Nissan Aims To Cut Costs By 30% Simply To Remain Competitive In EVs

March 26, 2024   |   Tags:
Nissan Aims To Cut Costs By 30% Simply To Remain Competitive In EVs

Nissan is the latest manufacturer to aim to cut EV costs in order to keep up with an increasingly competitive and saturated landscape. The company is now seeking to compete with Chinese rivals by slashing costs by 30%, Financial Times reported this weekend.  

Nissan, in collaboration with Renault and recently Honda, faces challenges in China's auto market, the report notes. After delays, Nissan's new business plan seeks to boost sales by 1 million units by fiscal 2026, introducing 30 new models, half of which will be EVs or hybrids.

This includes launching eight "new energy" vehicles in China and starting exports of locally made cars next year. In North America, the goal is to increase sales by 330,000 vehicles by 2026, with India becoming a key export hub. Additionally, Nissan aims to release an EV with solid-state batteries by 2028, Financial Times writes. 

Chief executive Makoto Uchida commented: “Faced with extreme market volatility, Nissan is taking decisive actions guided by the new plan to ensure sustainable growth and profitability.”

Nissan's new strategy follows a notable alliance with Honda to create EVs, marking a shift towards combating the influx of competitive, high-tech models from China, while still working with Renault and Mitsubishi in specific regions.

Despite Renault reducing its stake in Nissan to 15%, its partnership with Nissan persists. The report says that Nissan aims to reduce EV production costs to match those of traditional cars by 2030, tackling the current issue where manufacturers lose approximately $6,000 per EV sold in the U.S. due to high production costs and customer tax credits.

Amidst this, Nissan lowered its annual sales forecast after underperforming in key markets like China, the U.S., and Europe, highlighting a need for improvement especially in the U.S. hybrid market, where it lacks a strong presence.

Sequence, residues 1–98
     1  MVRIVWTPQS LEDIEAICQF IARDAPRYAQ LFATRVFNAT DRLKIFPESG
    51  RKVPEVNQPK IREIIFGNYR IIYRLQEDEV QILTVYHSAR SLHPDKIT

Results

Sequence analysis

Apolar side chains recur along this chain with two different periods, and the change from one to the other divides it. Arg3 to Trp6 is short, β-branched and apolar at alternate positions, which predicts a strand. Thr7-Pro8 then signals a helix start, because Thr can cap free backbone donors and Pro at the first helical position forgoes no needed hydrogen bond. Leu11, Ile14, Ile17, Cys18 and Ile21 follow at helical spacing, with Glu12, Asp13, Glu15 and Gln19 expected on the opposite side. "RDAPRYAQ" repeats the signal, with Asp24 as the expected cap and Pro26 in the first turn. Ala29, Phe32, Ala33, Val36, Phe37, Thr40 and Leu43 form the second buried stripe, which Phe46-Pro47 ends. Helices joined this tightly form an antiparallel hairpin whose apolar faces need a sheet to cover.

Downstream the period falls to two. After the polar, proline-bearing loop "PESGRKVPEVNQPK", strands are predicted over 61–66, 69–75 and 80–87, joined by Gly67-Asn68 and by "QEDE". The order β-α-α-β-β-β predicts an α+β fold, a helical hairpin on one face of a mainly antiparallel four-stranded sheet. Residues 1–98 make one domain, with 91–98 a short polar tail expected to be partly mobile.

Similarly, we have noted that auto companies are slashing investment in EVs, as is the case with American auto manufacturers like Ford and GM. We wrote last month that Joe Biden's vision for EVs across America is in "full collapse". 

As we wrote then: "Meanwhile, the higher costs are driving automakers away from EVs. And as battery material requirements are set to double by 2027, fulfilling these mandates will be increasingly difficult, putting Biden's ambitious EV strategy at risk."

Thinktanks like Brownstone have simply noted that when it comes to EVs, "the great reset didn't work". Jeffrey Tucker wrote last month: "In short, the illusions of these horrible policies have come crashing down. It was born of liberty-wrecking policies under the cover of virus control. Every special interest seized the day, including a new generation of industrialists seeking to displace the old ones by force."

He concluded: "​​​​​​​More and more, it’s obvious what a disaster this was. And yet no one has apologized. Hardly anyone has admitted error. The big shots who wrecked the world are still in power. The rest of us are left holding the bag, and paying very high repair bills for cars that are non-optimal for driving from one town to another and back again in the cold weather that was supposed to be gone by now had the “climate change” prophets been correct."

Recall, a report from Consumer Reports last year found that electric vehicles have almost 80% more problems and are "generally less reliable" than conventional internal combustion engine cars. 

Tyler Durden Tue, 03/26/2024 - 04:15


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